Part of the B&B Italia stand, Flos, created an experience nearly unrivaled in scale alone. Within its extra large stand, Flos continued to innovate by showcasing new lighting technologies for the residential and commercial markets with products created by an impressive roster of design talent. New systems by Michael Anastassiades, Piero Lissoni, and the Bouroullec brothers reimagined the way in which lighting systems can accentuate architecture and create a sense of place. For interior lighting, Flos also went back to its roots, showing production versions of historic lighting designed by longtime collaborators Achille and Piero Castiglioni and a new version of Mario Bellini’s Chiara light.

Beyond their expansive range of indoor lighting, Flos also proposed several new exterior lighting families. In a terrace-like setting complete with a multitude of trees and landscaping, lighting by designers including Nendo and Patricia Urquiola were displayed in a darkened area, giving a real feeling of spending an evening outdoors. For Nendo’s collection, the Japanese studio played with elementary forms where a sphere of light seemed to impossibly be held within a metal frame in a variety of forms.

In addition to the Salone Internazionale del Mobile, the biannual Euroluce took place this year where numerous brands showed innovation and creativity not only in technology and materials but in design as well. Bocci, Michael Anastassiades, and Davide Groppi created the most memorable experiences with unique stands and captivating products.

Canadian brand and long-time partner of Luminaire, Bocci, created a strong display within their impressively-designed stand. The stand’s walls were lifted off of the floor which was left bare, calling attention to the ceilings above and in turn, new introductions by Omer Arbel. Among revisits to existing pieces in the collection were a number of new products including their new answer to track lighting- a web of wires passing back and forth between walls which held magnetic spherical light elements which could be positioned in any direction. Bocci also introduced new versions of plug-in lighting, taking their most iconic pieces away from the ceiling and allowing them to be placed anywhere within the home.

At Michael Anastassiades’ serene stand, the designer seemingly took inspiration from the architectural elements of places of worship to create a sublime display of his latest mobiles and other lighting designs. Outfitted in corten steel like-material, the fair stand featured one side of modules that displayed the lighting opposite a long bench where one could reflect upon the poetic designs.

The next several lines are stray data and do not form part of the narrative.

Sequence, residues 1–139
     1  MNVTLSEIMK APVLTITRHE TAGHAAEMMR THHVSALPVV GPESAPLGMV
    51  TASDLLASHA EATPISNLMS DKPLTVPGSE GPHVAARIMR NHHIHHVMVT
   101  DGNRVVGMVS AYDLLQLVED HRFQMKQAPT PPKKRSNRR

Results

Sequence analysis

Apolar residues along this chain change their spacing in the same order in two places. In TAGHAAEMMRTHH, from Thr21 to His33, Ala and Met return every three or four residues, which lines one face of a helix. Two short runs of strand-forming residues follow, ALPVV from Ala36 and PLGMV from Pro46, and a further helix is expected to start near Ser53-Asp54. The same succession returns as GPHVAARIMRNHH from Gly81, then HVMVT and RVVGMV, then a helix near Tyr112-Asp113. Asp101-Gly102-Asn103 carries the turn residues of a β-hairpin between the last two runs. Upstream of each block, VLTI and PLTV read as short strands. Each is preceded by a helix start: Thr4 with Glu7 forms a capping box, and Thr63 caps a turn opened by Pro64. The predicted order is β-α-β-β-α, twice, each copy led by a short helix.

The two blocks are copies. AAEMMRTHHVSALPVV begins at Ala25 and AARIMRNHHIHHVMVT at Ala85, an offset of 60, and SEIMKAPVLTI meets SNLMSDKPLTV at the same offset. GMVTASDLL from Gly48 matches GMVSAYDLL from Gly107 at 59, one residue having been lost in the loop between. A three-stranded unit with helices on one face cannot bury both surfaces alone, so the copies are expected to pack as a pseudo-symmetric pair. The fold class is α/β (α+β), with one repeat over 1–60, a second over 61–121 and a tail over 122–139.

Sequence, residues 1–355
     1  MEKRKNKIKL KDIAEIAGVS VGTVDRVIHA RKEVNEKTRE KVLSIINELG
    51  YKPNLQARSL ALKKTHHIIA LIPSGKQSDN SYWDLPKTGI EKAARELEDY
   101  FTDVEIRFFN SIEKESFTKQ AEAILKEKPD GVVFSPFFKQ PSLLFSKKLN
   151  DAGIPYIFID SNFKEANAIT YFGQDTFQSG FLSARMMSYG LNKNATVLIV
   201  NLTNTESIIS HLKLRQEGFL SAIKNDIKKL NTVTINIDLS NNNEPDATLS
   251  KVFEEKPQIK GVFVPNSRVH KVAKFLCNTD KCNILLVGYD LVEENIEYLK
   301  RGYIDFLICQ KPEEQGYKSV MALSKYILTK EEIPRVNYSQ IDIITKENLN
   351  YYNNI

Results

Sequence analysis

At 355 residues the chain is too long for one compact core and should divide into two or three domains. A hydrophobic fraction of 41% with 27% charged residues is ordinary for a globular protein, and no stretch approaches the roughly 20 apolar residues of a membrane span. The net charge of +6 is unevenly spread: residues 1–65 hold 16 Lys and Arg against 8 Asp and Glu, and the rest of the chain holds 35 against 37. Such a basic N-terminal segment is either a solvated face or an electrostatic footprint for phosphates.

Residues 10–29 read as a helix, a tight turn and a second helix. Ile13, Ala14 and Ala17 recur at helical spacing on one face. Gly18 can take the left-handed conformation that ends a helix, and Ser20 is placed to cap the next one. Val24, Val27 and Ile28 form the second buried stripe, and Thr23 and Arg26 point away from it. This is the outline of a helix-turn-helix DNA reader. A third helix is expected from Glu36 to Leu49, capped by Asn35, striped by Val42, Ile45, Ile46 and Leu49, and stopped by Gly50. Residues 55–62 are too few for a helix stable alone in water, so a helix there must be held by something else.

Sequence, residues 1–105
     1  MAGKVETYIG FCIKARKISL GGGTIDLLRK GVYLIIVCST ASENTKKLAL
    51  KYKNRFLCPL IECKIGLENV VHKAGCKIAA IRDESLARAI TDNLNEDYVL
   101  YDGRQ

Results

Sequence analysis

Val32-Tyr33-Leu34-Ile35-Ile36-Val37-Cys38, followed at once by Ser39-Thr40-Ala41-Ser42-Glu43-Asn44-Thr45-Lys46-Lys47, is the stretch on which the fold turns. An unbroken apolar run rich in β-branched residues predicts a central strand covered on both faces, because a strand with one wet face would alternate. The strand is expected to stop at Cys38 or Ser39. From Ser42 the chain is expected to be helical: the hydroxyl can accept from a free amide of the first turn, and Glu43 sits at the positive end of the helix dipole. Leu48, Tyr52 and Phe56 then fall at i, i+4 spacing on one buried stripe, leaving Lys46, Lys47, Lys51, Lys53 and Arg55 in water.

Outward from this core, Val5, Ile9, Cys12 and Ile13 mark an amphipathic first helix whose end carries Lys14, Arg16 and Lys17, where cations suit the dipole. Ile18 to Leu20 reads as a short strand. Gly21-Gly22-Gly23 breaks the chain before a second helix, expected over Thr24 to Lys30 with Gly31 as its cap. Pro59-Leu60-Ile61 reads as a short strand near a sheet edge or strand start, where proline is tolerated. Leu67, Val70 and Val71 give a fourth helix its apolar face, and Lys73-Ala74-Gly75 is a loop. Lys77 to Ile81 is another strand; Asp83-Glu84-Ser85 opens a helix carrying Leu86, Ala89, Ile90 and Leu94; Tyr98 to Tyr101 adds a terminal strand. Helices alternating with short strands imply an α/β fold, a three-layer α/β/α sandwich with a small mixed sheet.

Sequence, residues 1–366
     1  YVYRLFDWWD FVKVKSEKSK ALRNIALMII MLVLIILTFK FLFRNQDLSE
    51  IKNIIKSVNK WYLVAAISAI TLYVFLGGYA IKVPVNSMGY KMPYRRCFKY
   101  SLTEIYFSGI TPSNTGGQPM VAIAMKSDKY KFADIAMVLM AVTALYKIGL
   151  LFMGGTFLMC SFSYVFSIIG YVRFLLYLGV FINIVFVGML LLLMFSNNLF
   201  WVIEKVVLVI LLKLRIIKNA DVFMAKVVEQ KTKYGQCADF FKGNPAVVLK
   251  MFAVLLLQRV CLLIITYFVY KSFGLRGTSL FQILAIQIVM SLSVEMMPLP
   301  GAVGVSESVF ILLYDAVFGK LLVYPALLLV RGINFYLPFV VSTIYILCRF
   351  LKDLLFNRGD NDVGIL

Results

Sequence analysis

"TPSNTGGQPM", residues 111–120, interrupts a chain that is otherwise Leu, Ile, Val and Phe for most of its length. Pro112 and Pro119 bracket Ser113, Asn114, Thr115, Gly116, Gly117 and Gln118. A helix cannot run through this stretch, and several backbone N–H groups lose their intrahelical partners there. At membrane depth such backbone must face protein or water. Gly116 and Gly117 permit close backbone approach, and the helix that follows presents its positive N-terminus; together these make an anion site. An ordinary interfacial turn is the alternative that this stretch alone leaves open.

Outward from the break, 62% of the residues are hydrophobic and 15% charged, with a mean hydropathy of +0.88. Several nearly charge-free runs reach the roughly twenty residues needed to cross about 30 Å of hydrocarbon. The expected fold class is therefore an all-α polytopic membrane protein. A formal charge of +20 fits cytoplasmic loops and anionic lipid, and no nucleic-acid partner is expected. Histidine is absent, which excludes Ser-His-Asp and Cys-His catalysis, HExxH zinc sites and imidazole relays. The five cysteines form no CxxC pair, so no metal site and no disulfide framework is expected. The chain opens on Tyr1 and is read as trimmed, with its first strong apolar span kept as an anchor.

Davide Groppi, celebrating its 30th anniversary, showcased new lighting that featured minimal details and forms reduced to their most essential elements. Building upon his recent designs Infinito and Flash, Groppi launched OHM, a new, slender cylindrical downlight that rested on a taut wire.

Beyond exhibits of individual showrooms and brands, the city features a seemingly endless array of exhibitions and concept shops. At Rosana Orlandi, the iconic Milanese design gallery is known for showcasing emerging designers during the fair, a long-time friend of Luminaire Nao Tamura introduced a new collection of portable lighting. Rooted in the concept of refraining from creating disposable design, the designer’s latest collection uses quality materials and clever forms for a range of lights that are designed to be used and treasured.

Installations and exhibits abound as well, and this year, Nendo partnered with climate control company Daikon to produce a captivating exhibition of 17,000 abstract flowers arranged carefully in a setting that resembled a rolling meadow. Creating a sense of movement without a breeze or noticeable movement of lighting, the installation used polarizing lenses for the flowers and on the lighting above. The polarizing lenses on the downlights would move, without changing any lighting in the space, and interact with the flowers below to shift the shadow, giving the impression of a field of flowers moving in the breeze.

A continued theme of Design Week in recent years, sustainability and efficiency underpinned many exhibitions. One of the most remarkable examples of this was Broken Nature, the Paola Antonelli curated exhibit that opened at the Triennale during the fair. The wide-ranging exhibition seeks to find how design can mend the fraying connections between humans and nature. Here, designers illuminated the state of our changing world and the stress on precious resources through provoking works.

Altogether, 2019 Design Week in Milan saw a multitude of innovation in products, ecology, and theory. With clever styling, solid product introductions, and large scale ideas, the fair left us feeling optimistic about the direction of design.


April 2019